Pharmaceutical Self: The Global Shaping of Experience in an Age of Psychopharmacology

Edited by Janis H. Jenkins

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The use of psychoactive drugs—drugs that affect the brain—is nothing new in human history, but in recent decades dramatic changes have taken place that influence when, why, and where people take such medications. Janis Jenkins, editor of Pharmaceutical Self and chair of the advanced seminar from which it arose, shared a magazine cartoon at her colloquium presentation: A doleful man sits across from his doctor. “My dosage needs adjustment,” he says. “I’m not as happy as the people in the ads.” The joke humorously focuses our attention on this volume’s crucial purpose: “to analyze the nexus of culture and psychopharmacology in the context of a globalizing world.”

Regardless of why people take these drugs—for therapeutic, nontherapeutic, or recreational reasons, whether to alleviate suffering or enhance performance, whether to wake up or to sleep—the contributors to this volume ask “to what extent are Homo sapiens transforming themselves into pharmaceutical selves on a scale previously unknown? Does the meaning of being human increasingly come to mean not only oriented to drugs but also produced and regulated by them? From the standpoint of cultural phenomenology, does this reshape human ‘being’?" Noting that the extent of psychopharmacological use in the United States alone may be as high as 25 percent of the adult population, Jenkins also asks, “How are cultures, societies, and nation-states transformed by sizeable proportions of the population regularly ingesting psychopharmaceutical compounds?”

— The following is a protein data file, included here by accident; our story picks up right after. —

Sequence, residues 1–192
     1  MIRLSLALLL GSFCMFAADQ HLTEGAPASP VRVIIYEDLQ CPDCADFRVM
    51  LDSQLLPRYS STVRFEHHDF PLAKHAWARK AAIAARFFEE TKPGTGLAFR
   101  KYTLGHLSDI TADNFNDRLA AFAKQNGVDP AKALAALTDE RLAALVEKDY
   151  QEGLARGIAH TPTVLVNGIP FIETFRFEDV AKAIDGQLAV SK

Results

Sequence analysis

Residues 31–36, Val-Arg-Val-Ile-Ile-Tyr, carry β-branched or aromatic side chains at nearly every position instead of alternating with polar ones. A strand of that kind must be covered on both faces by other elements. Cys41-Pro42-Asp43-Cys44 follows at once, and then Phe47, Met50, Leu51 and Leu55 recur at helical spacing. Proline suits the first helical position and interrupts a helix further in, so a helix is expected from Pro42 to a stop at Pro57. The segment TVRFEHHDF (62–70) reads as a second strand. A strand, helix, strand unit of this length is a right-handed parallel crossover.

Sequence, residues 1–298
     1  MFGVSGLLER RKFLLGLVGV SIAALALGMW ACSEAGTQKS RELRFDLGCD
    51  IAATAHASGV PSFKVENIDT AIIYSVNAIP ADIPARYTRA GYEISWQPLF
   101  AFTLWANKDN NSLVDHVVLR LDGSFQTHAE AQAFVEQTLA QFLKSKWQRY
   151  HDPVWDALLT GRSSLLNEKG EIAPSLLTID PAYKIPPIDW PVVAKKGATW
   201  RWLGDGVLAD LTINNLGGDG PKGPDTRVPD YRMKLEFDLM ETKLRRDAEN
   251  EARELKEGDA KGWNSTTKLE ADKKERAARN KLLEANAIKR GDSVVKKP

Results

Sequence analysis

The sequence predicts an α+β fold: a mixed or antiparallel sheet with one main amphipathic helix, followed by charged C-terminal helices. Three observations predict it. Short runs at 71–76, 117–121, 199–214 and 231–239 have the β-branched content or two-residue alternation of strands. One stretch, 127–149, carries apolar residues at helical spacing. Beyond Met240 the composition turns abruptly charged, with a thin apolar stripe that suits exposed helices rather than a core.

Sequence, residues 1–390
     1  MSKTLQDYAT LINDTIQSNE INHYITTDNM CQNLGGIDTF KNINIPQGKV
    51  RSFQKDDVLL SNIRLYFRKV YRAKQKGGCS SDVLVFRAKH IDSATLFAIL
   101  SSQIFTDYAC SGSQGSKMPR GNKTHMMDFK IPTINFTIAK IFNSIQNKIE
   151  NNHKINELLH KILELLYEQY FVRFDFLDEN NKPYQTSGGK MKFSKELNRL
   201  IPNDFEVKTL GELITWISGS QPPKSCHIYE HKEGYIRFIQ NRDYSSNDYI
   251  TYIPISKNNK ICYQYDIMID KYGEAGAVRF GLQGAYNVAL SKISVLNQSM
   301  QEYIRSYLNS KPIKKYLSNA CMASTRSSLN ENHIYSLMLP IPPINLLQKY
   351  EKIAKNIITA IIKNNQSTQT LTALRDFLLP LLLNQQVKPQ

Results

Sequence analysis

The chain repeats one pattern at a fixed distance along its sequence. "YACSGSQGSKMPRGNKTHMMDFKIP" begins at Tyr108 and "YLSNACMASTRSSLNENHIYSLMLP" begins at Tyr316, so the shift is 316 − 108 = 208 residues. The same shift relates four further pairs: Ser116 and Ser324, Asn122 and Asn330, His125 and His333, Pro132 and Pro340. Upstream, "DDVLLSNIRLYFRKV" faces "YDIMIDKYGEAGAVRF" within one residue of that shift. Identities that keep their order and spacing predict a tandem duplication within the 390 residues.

Paul Farmer, co-founder of Partners in Health, says, “The thematic, theoretical, and geographic breadth of this volume—with experience-near accounts from settings as different as under-resourced clinics in Indonesia to homeless shelters in Chicago—provides valuable contributions to the burgeoning anthropology of psychopharmacology. Essential reading.”

Find out more and purchase Pharmaceutical Self by visiting the SAR website (opens in new browser window).

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